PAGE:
Economic Affairs Committee report

July 4, 2019

A new House of Lords Economic Affairs Committee report has been released, stating that Government should immediately spend £8bn to restore the quality of, and access to, adult social care in England.

Social care funding: time to end a national scandal is also calling for Government to introduce free personal care, funded through general taxation, over a period of five years.

Lord Forsyth of Drumlean, Chairman of the Economic Affairs Committee, said, 'Social care is severely underfunded. More than a million adults who need social care aren't receiving it, family and friends are being put under greater pressure to provide unpaid care, and the care workforce continues to be underpaid and undervalued.

'The whole system is riddled with unfairness. Someone with dementia can pay hundreds of thousands of pounds for their care, while someone with cancer receives it for free. Local authorities are increasingly expected to fund social care themselves, despite differences in local care demands and budgets. The reduction in social care funding has been greatest in the most deprived areas. And local authorities can’t afford to pay care providers a fair price, forcing providers to choose whether to market to those people who fund their own care or risk going bankrupt.

'Fixing under-funding is not difficult. The Government needs to spend £8bn now to return quality and access in the system to an acceptable standard. Fixing unfairness is more complicated, but the Government has ducked the question for too long. They need to publish a White Paper, not a Green Paper, with clear proposals for change now. We think that change should include the introduction of free personal care, ensuring those with critical needs can receive help with essential daily activities like washing, dressing and cooking.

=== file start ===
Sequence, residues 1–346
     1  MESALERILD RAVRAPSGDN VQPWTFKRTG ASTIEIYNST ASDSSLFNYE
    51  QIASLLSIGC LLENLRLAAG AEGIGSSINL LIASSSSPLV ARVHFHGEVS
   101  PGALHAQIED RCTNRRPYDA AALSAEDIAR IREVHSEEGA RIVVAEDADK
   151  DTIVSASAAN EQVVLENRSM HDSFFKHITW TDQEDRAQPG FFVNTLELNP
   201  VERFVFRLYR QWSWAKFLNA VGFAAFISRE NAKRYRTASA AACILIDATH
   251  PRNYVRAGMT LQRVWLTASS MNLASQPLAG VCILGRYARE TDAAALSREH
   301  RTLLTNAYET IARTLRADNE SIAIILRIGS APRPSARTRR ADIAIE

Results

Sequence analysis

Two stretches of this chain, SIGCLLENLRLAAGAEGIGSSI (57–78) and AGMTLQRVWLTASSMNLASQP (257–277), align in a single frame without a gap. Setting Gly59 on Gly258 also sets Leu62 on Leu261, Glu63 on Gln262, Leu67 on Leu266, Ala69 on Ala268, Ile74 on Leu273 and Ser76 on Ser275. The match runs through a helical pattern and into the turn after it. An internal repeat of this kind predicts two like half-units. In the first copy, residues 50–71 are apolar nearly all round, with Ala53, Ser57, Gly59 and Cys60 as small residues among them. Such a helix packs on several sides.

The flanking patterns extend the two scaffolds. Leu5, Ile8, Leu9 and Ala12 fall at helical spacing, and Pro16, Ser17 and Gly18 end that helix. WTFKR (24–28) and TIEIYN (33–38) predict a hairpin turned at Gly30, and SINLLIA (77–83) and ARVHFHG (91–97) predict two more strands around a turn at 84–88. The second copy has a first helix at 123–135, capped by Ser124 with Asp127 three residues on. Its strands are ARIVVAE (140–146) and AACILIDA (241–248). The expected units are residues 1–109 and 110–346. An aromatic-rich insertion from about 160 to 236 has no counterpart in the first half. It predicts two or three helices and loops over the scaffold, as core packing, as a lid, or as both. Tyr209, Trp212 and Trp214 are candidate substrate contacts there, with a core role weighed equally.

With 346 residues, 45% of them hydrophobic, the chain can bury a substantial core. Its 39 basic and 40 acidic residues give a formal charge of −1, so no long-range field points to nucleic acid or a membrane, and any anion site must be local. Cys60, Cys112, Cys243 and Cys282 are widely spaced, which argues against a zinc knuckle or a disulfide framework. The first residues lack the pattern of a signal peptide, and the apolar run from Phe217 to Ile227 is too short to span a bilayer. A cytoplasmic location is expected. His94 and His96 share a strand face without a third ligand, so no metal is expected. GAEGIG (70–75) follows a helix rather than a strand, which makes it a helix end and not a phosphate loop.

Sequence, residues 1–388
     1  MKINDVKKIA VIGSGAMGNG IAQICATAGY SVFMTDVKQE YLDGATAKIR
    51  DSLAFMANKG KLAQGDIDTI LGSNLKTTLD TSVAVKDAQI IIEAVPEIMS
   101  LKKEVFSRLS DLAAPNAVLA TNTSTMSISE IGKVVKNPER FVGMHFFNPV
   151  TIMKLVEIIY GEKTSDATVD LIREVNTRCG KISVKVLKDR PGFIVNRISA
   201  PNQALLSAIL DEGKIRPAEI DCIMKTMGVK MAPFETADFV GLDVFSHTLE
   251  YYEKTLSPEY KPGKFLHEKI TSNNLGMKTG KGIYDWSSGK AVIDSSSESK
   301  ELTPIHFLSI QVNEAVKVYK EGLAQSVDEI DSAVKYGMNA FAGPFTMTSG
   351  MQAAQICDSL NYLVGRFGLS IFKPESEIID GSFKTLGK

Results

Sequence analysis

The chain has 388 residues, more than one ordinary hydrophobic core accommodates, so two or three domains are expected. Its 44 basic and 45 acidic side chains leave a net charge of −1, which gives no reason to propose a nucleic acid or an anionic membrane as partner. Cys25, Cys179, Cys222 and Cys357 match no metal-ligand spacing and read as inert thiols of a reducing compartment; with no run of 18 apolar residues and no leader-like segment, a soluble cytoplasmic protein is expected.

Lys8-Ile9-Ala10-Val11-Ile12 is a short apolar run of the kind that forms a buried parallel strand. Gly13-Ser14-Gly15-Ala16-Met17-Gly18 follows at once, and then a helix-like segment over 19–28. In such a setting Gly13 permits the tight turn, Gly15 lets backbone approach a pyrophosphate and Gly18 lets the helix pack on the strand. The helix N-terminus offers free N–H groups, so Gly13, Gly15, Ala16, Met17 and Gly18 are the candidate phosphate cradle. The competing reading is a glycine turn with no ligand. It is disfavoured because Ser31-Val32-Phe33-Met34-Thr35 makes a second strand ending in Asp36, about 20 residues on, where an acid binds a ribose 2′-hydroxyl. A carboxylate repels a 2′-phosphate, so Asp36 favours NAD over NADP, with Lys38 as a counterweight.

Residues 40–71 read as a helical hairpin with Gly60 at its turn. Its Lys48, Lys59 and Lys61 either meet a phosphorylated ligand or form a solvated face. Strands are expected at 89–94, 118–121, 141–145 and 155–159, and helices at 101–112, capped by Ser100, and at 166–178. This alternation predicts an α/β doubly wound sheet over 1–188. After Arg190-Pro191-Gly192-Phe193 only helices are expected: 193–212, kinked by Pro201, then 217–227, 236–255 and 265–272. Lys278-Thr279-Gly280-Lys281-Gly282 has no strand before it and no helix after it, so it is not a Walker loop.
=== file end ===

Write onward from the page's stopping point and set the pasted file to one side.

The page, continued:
'Our recommendations will cost money, but social care should be a public spending priority. By 2023/24, the NHS funding will have increased by £20.5bn per year. This is more than the entirety of local authority adult social care expenditure.'

The Committee found that publicly funded social care support is shrinking, as diminishing budgets have forced local authorities to limit the numbers of people who receive public funding. Funding is £700m lower than 2010/11 in real terms, despite continuing increases in the numbers of people who need care.

More than 400,000 people have fallen out of the means test, which has not increased with inflation since 2010. The Health Foundation and The King’s Fund estimate that to return quality and access to levels observed in 2009/10,  Government would need to spend £8bn.

To address unfairness in the system, the Economic Affairs Committee report proposes introducing free personal care, saying that this is simple, fair, and not much more expensive than other proposals for reform.

Those in care homes would still pay for their accommodation and 'extras'. Those receiving care in their own homes would still pay for assistance with less critical needs like housework or shopping, but would not pay for support with personal care, which the Economic Affairs Committee hopes may encourage care users to seek essential help early. This model would cost £7bn per year according to the Health Foundation and the King’s Fund, only £2bn more than the Government’s 2017 'cap and floor' proposal.